Some years ago my wife gave me a navy blue pullover with a tasteful velour front. It's now nearly worn out, and I have not been able to find a replacement. I'm not too fussy about the colour - but the velour front is smart and yet relaxed enough for evening occasions.

Ronald Beasley, Edinburgh

I have scoured the shops but have found no velour-fronted jumpers for you. What I can tell you is that Marks & Spencer will be doing two types of jumper that might also fit the smart-yet-relaxed bill. The first will have suede trim and patches; no colours are confirmed as yet, but it will cost pounds 50. They will also be doing one in chenille (a type of wool with a sheen to it - so again, smarter than your average jumper). It will have a ''bagel'' neck (round, with rollover bit) and will cost pounds 35 and come in black and bottle green. Both are available from August, and if you'd like to check availability in your local branch ring 0171 935 4422 nearer the time.

In two weeks' time I shall be graduating and I'm having trouble planning what to wear. The university regulations state that ladies must wear plain, dark colours (or a dark skirt and white blouse) and that the outfit must have full-length sleeves. My gown and hood will be claret red and the hood will be lined with pale blue. Because of the way the front of the gown and the V-shaped band of the hood lie, I am unsure what neckline to go for with my outfit. Because of the relatively short length of the gown and its fullness, I am also in a quandary about length of hem and style of skirt. Please help.

Bridget, Southampton

I had a bit of difficulty getting my head round what your gown and hood look like once I got an image of Little Red Riding Hood stuck in my mind. Goodness, why do people insist on keeping certain traditions that make people look like extras from a costume drama? So the gown is full and short? I would definitely go for a tight and very simple skirt. It doesn't matter if it's long or short, that's up to you, but this will balance out the flounciness of the gown. As for neckline: either a collarless V-neck blouse or a grandad-style one (if that's not too informal). What you don't want is something with a fancy collar that will fight with your hood fastening. If you don't have any blouses in the styles mentioned, go for the simplest one you have. It sounds like a ghastly sartorial experience for you all round, really; best to keep it simple and lie low on the apparel front.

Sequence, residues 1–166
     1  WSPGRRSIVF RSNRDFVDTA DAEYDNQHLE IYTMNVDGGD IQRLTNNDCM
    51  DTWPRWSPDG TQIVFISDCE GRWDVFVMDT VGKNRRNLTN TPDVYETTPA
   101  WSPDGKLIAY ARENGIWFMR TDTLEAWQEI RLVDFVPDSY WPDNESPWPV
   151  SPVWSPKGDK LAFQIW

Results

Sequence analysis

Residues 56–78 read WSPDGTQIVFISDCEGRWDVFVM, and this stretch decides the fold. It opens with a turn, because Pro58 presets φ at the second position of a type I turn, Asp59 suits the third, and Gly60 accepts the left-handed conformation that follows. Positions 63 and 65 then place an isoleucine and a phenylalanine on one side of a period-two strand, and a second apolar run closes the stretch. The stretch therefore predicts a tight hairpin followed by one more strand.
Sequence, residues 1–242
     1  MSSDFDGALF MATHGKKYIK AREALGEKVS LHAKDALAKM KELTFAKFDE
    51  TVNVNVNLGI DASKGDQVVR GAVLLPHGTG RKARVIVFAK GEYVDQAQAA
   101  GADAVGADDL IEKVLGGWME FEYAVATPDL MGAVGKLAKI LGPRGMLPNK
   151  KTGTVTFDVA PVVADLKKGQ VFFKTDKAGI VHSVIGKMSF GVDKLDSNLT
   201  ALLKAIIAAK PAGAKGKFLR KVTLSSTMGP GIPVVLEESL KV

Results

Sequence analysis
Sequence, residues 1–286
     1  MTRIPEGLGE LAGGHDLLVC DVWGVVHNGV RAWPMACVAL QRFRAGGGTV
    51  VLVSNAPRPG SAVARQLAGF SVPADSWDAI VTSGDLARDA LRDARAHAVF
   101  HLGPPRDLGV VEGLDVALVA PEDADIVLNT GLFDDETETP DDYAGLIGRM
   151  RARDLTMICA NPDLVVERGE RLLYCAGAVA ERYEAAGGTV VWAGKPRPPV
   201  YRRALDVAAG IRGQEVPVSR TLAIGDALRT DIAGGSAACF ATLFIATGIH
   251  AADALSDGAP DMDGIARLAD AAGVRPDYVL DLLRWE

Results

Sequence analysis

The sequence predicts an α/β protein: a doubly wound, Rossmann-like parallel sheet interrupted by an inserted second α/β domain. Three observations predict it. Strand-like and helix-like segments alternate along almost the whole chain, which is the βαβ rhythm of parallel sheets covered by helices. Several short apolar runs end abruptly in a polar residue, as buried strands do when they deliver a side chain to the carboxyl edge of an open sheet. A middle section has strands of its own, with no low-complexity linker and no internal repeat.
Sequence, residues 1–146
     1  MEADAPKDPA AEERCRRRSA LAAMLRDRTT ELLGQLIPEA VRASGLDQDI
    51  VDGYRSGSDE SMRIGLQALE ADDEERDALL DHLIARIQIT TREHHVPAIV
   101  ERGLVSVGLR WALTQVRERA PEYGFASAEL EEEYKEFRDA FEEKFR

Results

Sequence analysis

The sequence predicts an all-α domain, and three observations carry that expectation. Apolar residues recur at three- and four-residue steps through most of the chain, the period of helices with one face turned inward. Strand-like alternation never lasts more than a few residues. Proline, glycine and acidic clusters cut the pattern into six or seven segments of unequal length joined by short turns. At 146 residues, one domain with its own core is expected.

Thank goodness some kind readers have come to the aid of Mrs Crocker and her "clingy" dress (Dear Annie, 30 June). Here is one reply, more next week. Incidentally, Mrs C, I haven't heard from you in a while, please drop me a line and tell me if any of these solutions work.

May I suggest Mrs Crocker of Bath tries Mr H Berger, Dry Cleaners, Station Road, Cheadle Hulme, Cheshire. He is able to reclaim dresses of two materials that have been washed in the wrong substances. If she would like to try washing, there is nothing like Woolite in cold water. After washing, the voile skirt can be rinsed out and lightly starched while the underslip can be rinsed in warm water, wrung out, then dipped in a solution of warm water, two tablespoons of glycerine and two of gum arabic stirred together in a plastic bowl. Then wring and peg out. Ironing the underskirt and overskirt can be done while damp. Roy from Dover (Dear Annie, 30 June) can also starch and iron his shirt on the wrong side. Gum arabic was much used in the 1930s to give body to artificial silk. There are many useful hints on washing in 19th-century literature, particularly in Trollope, Thackeray, Mrs Henry Wood and L M Alcott.

Mrs Dobbin, Cheadle Hulme, Cheshire

Thank you for your fascinating tips. I think Mrs Crocker's dress and lining were attached so she may find it hard to follow your advice, but nevertheless, I had to print your letter. Can I call on you for more advice in the future?